- U.N. human rights chief calls for a stay of execution
- The execution of Abdul Quader Mollah has been put off until Wednesday
- He is accused of war crimes dating back to 1971
- The U.N. says the trial may not have been fair and an appeal process is needed
Bangladesh postponed the hanging of an Islamist leader shortly before his execution was to take place Tuesday, his attorney told CNN.
Abdul Quader Mollah is now scheduled to be hanged Wednesday. His defense lawyers, meanwhile, are filing a petition for his sentence to be reviewed.
It was not immediately known why the government decided to postpone the execution.
The decision came a day after the United Nations called for the hanging to be halted.
On Tuesday, U.N. High Commissioner for Human Rights Navi Pillay joined the calls for a stay of execution.
Mollah was sentenced in September for alleged "crimes against humanity" dating back to 1971, during the country's war for independence.
The ruling against him set off rioting in the streets and sparked a strike across the country.
Mollah was the assistant secretary general for the now-banned Jamaat-e-Islami party.
In February, he was convicted of war crimes by an international panel set up by the government to bring to justice those accused of atrocities.
He was originally sentenced to life in prison. Bangladesh's supreme court then sentenced him to death. In the country's legal system, that cannot be appealed.
Two U.N. human rights experts called on Bangladesh on Monday to halt the execution because of concerns that Mollah did not receive a fair trial.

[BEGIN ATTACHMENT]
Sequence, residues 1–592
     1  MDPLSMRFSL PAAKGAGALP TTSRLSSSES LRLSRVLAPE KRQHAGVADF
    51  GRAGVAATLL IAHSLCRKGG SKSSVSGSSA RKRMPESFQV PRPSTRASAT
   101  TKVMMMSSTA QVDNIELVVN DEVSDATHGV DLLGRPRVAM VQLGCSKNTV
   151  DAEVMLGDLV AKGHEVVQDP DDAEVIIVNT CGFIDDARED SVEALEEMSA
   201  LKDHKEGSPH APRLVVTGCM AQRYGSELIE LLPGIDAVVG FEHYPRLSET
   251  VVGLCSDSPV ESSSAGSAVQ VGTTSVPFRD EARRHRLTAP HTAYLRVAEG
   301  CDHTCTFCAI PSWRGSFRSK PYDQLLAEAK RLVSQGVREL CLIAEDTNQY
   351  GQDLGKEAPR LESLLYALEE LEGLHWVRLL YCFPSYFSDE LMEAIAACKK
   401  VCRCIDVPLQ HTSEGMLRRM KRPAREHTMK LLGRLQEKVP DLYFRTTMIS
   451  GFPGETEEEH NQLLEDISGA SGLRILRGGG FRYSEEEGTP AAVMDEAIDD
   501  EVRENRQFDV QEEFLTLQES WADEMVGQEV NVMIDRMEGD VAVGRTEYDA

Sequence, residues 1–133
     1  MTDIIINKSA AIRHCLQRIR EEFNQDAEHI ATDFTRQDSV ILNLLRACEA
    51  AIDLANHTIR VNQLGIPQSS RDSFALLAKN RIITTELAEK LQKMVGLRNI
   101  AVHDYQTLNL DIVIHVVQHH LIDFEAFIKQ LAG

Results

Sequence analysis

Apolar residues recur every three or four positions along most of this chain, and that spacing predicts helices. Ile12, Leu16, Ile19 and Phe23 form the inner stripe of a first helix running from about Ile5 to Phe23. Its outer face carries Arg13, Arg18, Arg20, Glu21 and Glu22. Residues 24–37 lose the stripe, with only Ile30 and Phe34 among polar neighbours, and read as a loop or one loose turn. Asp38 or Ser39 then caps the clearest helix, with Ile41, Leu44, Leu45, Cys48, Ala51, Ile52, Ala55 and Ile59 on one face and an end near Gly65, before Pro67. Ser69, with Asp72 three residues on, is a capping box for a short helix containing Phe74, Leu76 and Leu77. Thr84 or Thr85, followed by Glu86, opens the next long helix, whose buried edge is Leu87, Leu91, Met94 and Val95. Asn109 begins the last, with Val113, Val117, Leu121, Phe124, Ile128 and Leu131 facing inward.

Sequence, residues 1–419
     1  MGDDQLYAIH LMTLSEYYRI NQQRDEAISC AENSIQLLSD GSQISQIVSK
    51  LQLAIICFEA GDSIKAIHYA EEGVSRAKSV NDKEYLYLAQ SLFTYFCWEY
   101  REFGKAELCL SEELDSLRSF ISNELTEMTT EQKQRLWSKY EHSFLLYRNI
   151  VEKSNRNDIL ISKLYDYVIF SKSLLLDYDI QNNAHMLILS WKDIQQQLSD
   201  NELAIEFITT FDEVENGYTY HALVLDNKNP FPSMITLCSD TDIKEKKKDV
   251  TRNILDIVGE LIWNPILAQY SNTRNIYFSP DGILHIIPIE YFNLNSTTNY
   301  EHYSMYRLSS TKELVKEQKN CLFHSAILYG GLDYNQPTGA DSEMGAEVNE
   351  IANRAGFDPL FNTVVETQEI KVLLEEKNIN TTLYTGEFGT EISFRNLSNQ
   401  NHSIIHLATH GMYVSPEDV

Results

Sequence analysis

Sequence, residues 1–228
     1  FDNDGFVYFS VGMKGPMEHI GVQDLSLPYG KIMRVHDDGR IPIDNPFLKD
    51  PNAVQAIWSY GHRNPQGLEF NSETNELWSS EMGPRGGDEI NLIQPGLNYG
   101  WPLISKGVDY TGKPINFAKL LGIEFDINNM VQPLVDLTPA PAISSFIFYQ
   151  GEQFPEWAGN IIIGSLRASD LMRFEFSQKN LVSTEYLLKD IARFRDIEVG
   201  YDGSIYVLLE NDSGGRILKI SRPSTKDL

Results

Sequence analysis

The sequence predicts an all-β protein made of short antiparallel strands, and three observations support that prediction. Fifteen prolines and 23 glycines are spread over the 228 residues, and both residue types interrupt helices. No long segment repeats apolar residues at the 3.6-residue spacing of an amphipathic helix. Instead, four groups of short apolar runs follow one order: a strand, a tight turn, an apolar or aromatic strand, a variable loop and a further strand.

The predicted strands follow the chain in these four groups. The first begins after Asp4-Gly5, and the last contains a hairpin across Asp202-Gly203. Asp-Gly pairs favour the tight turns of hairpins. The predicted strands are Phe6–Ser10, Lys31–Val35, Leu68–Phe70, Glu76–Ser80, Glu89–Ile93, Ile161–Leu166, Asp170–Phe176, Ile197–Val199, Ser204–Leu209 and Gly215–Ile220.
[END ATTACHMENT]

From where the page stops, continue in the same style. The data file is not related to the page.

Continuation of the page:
"The right of appeal is of particular importance in death penalty cases," said Gabriela Knaul, U.N. special rapporteur on the independence of judges and lawyers.
"Anyone convicted of a crime has the right to have his or her conviction and sentence reviewed by a higher tribunal, as laid down in the International Covenant on Civil and Political Rights to which Bangladesh is a party," she said in a prepared statement. "This provision is violated where a court of final instance imposes a harsher sentence that cannot be reviewed."
Christof Heyns, U.N. special rapporteur on summary executions, said capital punishment "may be imposed only following a trial that complied with fair trial and due process safeguards. ... Only full respect for stringent due process guarantees distinguishes capital punishment as possibly permitted under international law from a summary execution, which by definition violates human rights standards."
In a statement Tuesday, Pillay called for a stay, saying the trial had not met stringent international standards for the death penalty, the U.N. said in a statement.
The United Nations opposes the death penalty in any circumstance.